METHODOLOGY

Subjects

Thirty nine males and 39 female; from a middle class Midwestern community were recruited by a market research firm to participate as subjects. Each individual received $5 in return for his/her participation.

Procedure

Subjects were informed that the purpose of the study was to examine the types of objects that consumers perceive to be related. Subjects were asked to engage in a sorting task1. A detailed example of how this task was to be performed was provided to subjects. This example employed exemplars from an object category unrelated to the stimulus materials. Following this, subjects were presented with an array of 12 exemplars of a product category displayed on a single piece of paper. These exemplars were presented in either picture or word form. They consisted of four poor, four moderate, and four good exemplars of the object category (according to norms established by Rosch 1975) and were presented in random order. Subjects were instructed to sort these exemplars into groups that were to be comprised of items that subjects' perceived to be similar. Subjects were informed that they could form as many or as few groups as they desired, and groups could include as many or as few items as they deemed appropriate. After completing this task for exemplars associated with one object or product category (furniture), subjects performed the sane task for a second category (vehicles).

RESULTS

The data were analyzed as a 2 (gender) by 2 (presentation form: words, pictures) by 2 (hemisphere prime: right, left) factorial design. [Before performing this task, however, subjects were asked to perform a priming task. This task entailed having subjects perform either a visual spatial task or a verbal task. Because the sorting task performance data presented herein reveal no effects due to this manipulation, this priming task manipulation is not discussed further except for its inclusion as a factor in the data analyses. Also not discussed is a judgment task that subjects performed prior to the sorting task.] First, the number of groups formed among the poor category exemplars was analyzed for both object/product categories (furniture and vehicle). Multivariate analysis of these measures revealed the anticipated gender by presentation form interaction (F(2.67)-3.97, p<.02). Treatment means are presented in Table 1. Simple effect tests revealed that as expected males' but not females' performance was affected by the form in which category exemplars were presented. Males' assigned the poor exemplars to few r groups when exemplars were presented in picture rather than word form (F(1,68)-7.54, p<.01). However, females sorted the poor exemplars into a moderate and equivalent number of groups, regardless of whether exemplars were presented in picture or word form (F<1. As a result, males sorted the poor exemplars into somewhat fever groups than did females when exemplars were presented in picture form (P(1,68)=3.23, p<.08) but they sorted the poor exemplars into more groups than did females when the exemplars were presented in word form (F(1,68)-5.04, p< .03)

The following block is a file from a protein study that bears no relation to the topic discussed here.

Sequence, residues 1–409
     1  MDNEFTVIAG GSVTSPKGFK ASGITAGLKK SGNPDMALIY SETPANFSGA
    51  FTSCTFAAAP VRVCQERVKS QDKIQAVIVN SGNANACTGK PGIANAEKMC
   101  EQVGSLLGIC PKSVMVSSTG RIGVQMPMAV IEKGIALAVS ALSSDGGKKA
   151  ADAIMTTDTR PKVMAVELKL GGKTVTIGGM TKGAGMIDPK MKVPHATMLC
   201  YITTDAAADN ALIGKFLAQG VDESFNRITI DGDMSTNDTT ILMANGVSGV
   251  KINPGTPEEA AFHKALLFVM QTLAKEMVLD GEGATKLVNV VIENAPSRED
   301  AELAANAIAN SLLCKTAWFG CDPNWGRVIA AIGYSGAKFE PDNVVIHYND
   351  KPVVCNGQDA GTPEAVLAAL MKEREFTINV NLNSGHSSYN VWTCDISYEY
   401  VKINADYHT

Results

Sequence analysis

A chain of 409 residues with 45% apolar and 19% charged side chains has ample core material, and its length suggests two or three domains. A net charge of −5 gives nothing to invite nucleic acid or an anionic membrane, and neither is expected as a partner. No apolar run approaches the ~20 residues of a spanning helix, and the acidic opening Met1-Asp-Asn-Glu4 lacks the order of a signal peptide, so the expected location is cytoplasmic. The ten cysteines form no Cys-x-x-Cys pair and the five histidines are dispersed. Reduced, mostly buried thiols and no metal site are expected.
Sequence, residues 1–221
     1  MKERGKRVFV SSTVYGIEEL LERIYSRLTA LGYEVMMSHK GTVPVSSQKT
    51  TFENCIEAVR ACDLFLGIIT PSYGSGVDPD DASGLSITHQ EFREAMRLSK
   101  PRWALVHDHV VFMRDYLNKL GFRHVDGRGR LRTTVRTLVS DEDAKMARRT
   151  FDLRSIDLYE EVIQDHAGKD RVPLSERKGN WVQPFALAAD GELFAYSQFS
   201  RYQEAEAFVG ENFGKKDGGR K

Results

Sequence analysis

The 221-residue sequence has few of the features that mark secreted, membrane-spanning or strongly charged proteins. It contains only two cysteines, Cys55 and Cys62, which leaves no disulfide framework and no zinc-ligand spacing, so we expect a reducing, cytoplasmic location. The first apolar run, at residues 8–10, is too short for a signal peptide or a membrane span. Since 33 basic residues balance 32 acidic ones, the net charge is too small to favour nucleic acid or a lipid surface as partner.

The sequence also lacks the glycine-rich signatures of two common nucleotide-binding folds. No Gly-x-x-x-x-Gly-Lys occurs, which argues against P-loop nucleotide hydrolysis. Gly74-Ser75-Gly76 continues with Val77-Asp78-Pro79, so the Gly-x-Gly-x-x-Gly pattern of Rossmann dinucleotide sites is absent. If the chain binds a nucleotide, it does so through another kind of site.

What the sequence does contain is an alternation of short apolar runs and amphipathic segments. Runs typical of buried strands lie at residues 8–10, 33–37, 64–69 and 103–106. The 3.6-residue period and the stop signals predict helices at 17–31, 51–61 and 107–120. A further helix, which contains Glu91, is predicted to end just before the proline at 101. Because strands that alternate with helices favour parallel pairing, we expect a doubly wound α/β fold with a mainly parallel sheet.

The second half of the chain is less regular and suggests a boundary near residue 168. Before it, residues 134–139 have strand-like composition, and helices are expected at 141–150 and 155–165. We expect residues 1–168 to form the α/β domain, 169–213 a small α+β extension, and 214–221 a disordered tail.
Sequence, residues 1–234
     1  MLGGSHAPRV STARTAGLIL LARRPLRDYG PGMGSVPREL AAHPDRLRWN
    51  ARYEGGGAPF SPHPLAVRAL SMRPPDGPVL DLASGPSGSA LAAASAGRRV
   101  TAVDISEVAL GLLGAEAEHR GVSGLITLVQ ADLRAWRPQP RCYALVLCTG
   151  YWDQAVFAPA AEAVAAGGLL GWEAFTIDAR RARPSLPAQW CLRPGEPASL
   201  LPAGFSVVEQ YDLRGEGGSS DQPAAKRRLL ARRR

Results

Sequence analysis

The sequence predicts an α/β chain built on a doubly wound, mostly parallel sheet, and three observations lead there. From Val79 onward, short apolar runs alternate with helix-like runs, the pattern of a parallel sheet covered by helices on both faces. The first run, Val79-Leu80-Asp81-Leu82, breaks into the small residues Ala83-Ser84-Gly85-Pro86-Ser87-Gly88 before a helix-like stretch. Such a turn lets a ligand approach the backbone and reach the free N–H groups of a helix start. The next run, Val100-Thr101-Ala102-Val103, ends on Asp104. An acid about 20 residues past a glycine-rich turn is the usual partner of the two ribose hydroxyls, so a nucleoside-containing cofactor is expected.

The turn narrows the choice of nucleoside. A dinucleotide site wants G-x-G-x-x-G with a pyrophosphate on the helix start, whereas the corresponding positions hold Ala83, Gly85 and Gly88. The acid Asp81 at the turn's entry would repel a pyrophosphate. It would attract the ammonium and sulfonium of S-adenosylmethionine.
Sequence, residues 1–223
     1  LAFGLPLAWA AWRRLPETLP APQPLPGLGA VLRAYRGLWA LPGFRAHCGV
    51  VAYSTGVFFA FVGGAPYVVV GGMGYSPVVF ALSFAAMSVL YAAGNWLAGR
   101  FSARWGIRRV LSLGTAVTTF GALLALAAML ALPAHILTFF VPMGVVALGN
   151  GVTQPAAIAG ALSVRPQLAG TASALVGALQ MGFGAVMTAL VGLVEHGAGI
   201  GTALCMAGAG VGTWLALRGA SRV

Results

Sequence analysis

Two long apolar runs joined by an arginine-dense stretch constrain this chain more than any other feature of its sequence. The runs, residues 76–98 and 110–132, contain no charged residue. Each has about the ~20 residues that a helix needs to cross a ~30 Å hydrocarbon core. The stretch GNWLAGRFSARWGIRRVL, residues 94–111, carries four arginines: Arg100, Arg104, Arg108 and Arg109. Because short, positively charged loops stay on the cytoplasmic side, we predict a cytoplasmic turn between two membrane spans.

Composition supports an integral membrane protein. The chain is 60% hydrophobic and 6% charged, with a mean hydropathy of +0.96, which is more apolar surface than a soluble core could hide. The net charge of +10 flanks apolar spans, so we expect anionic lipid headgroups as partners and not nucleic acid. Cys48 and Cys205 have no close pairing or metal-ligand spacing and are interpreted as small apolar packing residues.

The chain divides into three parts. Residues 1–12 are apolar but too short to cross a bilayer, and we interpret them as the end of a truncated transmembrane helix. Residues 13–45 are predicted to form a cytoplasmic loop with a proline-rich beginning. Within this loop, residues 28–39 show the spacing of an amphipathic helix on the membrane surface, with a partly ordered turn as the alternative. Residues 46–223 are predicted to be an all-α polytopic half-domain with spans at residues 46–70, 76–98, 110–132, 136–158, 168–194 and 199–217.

Analysis of the number of poor category exemplars that were assigned to groups consisting of only a single poor exemplar and no other items revealed main effects for gender (F(2,67)-4.74, p<.01) and presentation form (F(2,67)-4.62, p<.01). Males formed more single-item groups among the poor exemplars than did females (M-.91 versus M-.21, respectively), and more such single-item groups were formed when exemplars were presented in word than in picture form (M=1.43 versus M-.72). No interaction was observed among these variables.

TABLE 1

MANOVA CENTROIDS FOR SORTING MEASURES

DISCUSSION AND CONCLUSION